Delft Center for Systems and Control (DCSC) coordinates the education and research activities in systems and control at the Delft University of Technology, in the Faculty Mechanical, Maritime and Materials Engineering (3mE).
DCSC has been established in 2003 by merging the systems and control groups of Electrical Engineering (EWI), Mechanical Engineering (3mE), and Applied Physics (TNW).
World Ocean Day: Autonomous robot system picks up litter from ocean floorTU Delft is working with seven other partners on an autonomous system for cleaning the ocean floor. This system consists of a surface vehicle with two underwater robots, which are going to identify and collect litter from the ocean floor. Now that the crucial gripper component of the system has been completed, the SeaClear system is almost ready for field testing.
TU Delft and Volvo collaborating on Prognostics for new generation of trucksNow it is time for trucks to join the transition to zero emission, and uptime is key to make this a success. In a new research project with the Volvo Group, Riccardo Ferrari of the Delft Centre for Systems and Control is looking to improve service life through predictive analytics.
TU Delft starts ‘Wind Farm Flow Control Project’Together with CrossWindHKN Siemens Gamesa Eneco GROW offshore wind a group of researchers led by professor Jan-Willem Van Wingerden TU Delft have started the work on the "Dynamic Wind Farm Flow Control" project. This project focuses on reducing the wake effect by using real-time data that will contribute to a more constant electricity production.
ERC Advanced Grant for smarter control of energy and transportation networksIn the future, we will see an increasing number of smart transportation and energy networks. However, online control of these large and complex networks is still far from optimal. Researcher Bart De Schutter has received a EUR 2.5 million ERC Advanced Grant from the European Union to tackle this problem over the next five years.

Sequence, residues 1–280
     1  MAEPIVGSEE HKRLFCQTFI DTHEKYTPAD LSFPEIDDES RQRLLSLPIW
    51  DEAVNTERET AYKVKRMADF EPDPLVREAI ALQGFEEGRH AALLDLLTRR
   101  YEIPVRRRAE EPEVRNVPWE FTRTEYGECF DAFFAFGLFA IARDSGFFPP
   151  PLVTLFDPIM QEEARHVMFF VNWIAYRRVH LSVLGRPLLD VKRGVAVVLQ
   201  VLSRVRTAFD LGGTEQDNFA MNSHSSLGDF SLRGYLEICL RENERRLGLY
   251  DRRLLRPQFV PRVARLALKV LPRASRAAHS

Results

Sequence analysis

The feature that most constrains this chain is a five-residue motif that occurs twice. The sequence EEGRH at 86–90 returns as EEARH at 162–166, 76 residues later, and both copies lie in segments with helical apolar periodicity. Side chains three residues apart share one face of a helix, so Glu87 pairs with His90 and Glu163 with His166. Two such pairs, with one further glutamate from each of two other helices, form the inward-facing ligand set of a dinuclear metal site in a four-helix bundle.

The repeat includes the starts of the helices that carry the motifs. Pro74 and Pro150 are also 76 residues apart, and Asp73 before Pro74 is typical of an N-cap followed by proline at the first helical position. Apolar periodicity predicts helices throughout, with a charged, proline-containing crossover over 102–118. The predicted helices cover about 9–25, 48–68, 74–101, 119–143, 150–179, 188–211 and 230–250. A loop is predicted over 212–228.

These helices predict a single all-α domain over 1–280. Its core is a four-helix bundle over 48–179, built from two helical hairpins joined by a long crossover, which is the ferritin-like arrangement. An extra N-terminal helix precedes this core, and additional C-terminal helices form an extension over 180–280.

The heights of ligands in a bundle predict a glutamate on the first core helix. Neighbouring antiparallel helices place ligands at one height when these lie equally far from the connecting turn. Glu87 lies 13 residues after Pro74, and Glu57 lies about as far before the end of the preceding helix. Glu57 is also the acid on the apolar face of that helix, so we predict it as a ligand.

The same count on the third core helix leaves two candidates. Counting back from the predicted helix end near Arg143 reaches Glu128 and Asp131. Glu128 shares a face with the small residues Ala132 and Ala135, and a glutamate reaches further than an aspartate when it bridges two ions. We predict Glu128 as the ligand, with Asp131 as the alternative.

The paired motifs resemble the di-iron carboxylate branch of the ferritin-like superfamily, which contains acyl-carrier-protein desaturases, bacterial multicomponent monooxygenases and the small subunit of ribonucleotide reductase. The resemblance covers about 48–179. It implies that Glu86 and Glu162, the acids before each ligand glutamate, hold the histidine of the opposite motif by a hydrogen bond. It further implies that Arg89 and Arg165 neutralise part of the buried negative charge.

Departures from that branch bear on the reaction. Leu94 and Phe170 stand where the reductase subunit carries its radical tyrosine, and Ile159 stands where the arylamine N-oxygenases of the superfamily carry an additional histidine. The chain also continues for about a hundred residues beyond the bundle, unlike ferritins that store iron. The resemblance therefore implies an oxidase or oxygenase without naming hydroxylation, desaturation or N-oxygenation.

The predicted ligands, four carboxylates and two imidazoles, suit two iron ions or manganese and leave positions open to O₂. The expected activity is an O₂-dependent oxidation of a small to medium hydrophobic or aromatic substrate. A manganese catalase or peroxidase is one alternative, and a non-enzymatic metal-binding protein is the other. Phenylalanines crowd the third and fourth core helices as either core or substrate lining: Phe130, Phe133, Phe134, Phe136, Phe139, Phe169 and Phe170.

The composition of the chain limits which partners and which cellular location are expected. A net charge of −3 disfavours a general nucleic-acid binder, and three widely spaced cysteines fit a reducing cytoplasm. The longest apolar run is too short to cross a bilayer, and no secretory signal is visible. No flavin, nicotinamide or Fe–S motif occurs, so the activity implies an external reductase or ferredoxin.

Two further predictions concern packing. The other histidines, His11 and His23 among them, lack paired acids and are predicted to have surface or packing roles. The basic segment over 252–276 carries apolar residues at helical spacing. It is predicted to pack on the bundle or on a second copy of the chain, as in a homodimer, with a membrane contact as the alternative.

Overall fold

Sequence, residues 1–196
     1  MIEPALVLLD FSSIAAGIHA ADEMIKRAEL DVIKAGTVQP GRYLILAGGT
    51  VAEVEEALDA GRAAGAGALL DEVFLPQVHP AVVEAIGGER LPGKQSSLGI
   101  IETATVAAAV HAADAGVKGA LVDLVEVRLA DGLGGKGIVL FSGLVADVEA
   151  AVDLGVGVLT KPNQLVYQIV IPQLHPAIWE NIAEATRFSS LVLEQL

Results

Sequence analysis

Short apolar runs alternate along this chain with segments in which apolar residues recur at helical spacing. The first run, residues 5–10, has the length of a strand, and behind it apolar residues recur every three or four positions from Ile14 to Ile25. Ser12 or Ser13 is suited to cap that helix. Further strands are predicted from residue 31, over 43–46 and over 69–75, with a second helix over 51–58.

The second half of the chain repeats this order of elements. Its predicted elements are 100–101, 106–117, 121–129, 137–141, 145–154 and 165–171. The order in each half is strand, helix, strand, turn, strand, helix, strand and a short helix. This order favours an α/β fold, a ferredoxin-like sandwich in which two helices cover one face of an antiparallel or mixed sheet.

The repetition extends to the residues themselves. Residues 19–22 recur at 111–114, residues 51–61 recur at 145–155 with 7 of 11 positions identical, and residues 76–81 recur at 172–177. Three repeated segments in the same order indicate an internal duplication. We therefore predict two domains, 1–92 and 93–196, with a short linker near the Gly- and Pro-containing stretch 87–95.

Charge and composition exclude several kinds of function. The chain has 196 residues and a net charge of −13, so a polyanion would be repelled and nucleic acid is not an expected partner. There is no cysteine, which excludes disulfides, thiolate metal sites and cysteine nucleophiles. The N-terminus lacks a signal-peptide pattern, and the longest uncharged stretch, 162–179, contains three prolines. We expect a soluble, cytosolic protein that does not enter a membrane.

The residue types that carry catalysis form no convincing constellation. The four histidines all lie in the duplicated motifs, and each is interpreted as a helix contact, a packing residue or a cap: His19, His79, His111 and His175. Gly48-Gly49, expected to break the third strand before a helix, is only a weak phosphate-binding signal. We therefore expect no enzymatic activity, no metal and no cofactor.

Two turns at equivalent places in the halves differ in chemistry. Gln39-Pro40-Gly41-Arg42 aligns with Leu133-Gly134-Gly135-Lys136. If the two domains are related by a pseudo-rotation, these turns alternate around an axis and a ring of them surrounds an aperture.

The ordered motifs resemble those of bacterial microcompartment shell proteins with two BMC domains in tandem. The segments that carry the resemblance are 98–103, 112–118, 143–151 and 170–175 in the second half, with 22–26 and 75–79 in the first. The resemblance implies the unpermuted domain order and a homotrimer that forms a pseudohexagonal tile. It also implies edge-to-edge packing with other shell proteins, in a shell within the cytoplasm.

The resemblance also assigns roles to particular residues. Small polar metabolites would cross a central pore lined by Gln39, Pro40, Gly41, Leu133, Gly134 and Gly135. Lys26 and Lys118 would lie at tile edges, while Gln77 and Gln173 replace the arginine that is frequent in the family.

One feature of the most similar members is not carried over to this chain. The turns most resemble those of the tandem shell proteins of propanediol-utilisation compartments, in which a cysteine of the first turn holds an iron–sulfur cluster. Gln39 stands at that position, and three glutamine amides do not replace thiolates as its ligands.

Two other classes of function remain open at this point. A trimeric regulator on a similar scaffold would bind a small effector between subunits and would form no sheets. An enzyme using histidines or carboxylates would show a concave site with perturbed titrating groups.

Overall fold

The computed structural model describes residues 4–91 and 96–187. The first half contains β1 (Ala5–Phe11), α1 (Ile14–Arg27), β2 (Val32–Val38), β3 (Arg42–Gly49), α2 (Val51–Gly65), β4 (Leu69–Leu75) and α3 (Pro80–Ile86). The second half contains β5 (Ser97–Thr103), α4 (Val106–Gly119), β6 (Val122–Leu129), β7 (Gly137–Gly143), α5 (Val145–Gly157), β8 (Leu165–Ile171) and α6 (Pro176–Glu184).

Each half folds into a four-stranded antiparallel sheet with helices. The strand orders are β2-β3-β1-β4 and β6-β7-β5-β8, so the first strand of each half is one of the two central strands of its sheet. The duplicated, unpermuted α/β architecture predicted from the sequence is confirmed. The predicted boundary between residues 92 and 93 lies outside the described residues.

SeaClear project develops the first autonomous robots for underwater litter collectionToday's oceans contain 26-66 million tons of waste, with approximately 94% located on the seafloor. So far, collection efforts have focused mostly on surface waste, with only a few local efforts to gather underwater waste, always using human divers. No solution exists that exploits autonomous robots for underwater litter collection; the SeaClear project will develop the first. Check this animation to explore how are we planning to achieve this ambitious goal!
Our mission is to provide education and to perform research in systems and control, at an internationally recognized high level, from within a TUD-wide center that has a solid foundation in the faculty 3mE.
In research we aim at contributing to fundamental aspects of dynamical systems and control as well as at advancing innovative and high-tech applications, in combination with relevant industrial and academic partners. In teaching we aim at creating a scientific climate where students can flourish to become independent and highly-skilled engineers and scientists.